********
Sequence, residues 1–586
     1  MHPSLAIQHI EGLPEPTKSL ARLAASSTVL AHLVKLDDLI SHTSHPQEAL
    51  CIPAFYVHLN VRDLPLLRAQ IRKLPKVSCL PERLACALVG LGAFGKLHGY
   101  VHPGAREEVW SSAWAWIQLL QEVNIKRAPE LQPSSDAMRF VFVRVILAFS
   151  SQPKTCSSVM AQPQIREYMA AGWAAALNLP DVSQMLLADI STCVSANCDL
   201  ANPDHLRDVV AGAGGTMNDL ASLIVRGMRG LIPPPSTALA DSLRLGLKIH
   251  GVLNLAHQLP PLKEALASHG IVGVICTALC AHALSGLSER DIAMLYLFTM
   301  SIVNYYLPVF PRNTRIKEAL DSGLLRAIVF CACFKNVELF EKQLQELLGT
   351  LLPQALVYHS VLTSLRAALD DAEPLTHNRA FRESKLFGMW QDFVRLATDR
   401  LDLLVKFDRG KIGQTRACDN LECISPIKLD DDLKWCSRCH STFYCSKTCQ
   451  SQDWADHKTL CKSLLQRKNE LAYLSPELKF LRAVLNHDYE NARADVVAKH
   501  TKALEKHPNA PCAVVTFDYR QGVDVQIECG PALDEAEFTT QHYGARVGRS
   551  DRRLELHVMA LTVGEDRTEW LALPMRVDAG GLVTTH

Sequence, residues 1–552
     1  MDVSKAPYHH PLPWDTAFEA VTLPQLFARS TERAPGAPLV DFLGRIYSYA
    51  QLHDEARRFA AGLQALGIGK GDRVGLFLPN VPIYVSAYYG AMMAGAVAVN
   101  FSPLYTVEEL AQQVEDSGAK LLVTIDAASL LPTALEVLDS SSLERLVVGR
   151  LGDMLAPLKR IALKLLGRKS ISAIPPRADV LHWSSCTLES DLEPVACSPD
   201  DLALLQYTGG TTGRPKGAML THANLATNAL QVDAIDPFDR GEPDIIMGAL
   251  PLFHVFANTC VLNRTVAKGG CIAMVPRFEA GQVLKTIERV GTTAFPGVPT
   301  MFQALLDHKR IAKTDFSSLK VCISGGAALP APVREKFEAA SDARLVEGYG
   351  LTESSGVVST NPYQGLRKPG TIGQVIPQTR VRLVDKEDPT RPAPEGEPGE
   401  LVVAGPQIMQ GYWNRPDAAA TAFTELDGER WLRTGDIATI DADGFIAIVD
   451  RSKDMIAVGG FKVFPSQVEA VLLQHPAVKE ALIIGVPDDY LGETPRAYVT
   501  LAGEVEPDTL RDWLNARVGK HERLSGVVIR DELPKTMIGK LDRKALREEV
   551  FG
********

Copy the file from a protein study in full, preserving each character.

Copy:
Sequence, residues 1–586
     1  MHPSLAIQHI EGLPEPTKSL ARLAASSTVL AHLVKLDDLI SHTSHPQEAL
    51  CIPAFYVHLN VRDLPLLRAQ IRKLPKVSCL PERLACALVG LGAFGKLHGY
   101  VHPGAREEVW SSAWAWIQLL QEVNIKRAPE LQPSSDAMRF VFVRVILAFS
   151  SQPKTCSSVM AQPQIREYMA AGWAAALNLP DVSQMLLADI STCVSANCDL
   201  ANPDHLRDVV AGAGGTMNDL ASLIVRGMRG LIPPPSTALA DSLRLGLKIH
   251  GVLNLAHQLP PLKEALASHG IVGVICTALC AHALSGLSER DIAMLYLFTM
   301  SIVNYYLPVF PRNTRIKEAL DSGLLRAIVF CACFKNVELF EKQLQELLGT
   351  LLPQALVYHS VLTSLRAALD DAEPLTHNRA FRESKLFGMW QDFVRLATDR
   401  LDLLVKFDRG KIGQTRACDN LECISPIKLD DDLKWCSRCH STFYCSKTCQ
   451  SQDWADHKTL CKSLLQRKNE LAYLSPELKF LRAVLNHDYE NARADVVAKH
   501  TKALEKHPNA PCAVVTFDYR QGVDVQIECG PALDEAEFTT QHYGARVGRS
   551  DRRLELHVMA LTVGEDRTEW LALPMRVDAG GLVTTH

Sequence, residues 1–552
     1  MDVSKAPYHH PLPWDTAFEA VTLPQLFARS TERAPGAPLV DFLGRIYSYA
    51  QLHDEARRFA AGLQALGIGK GDRVGLFLPN VPIYVSAYYG AMMAGAVAVN
   101  FSPLYTVEEL AQQVEDSGAK LLVTIDAASL LPTALEVLDS SSLERLVVGR
   151  LGDMLAPLKR IALKLLGRKS ISAIPPRADV LHWSSCTLES DLEPVACSPD
   201  DLALLQYTGG TTGRPKGAML THANLATNAL QVDAIDPFDR GEPDIIMGAL
   251  PLFHVFANTC VLNRTVAKGG CIAMVPRFEA GQVLKTIERV GTTAFPGVPT
   301  MFQALLDHKR IAKTDFSSLK VCISGGAALP APVREKFEAA SDARLVEGYG
   351  LTESSGVVST NPYQGLRKPG TIGQVIPQTR VRLVDKEDPT RPAPEGEPGE
   401  LVVAGPQIMQ GYWNRPDAAA TAFTELDGER WLRTGDIATI DADGFIAIVD
   451  RSKDMIAVGG FKVFPSQVEA VLLQHPAVKE ALIIGVPDDY LGETPRAYVT
   501  LAGEVEPDTL RDWLNARVGK HERLSGVVIR DELPKTMIGK LDRKALREEV
   551  FG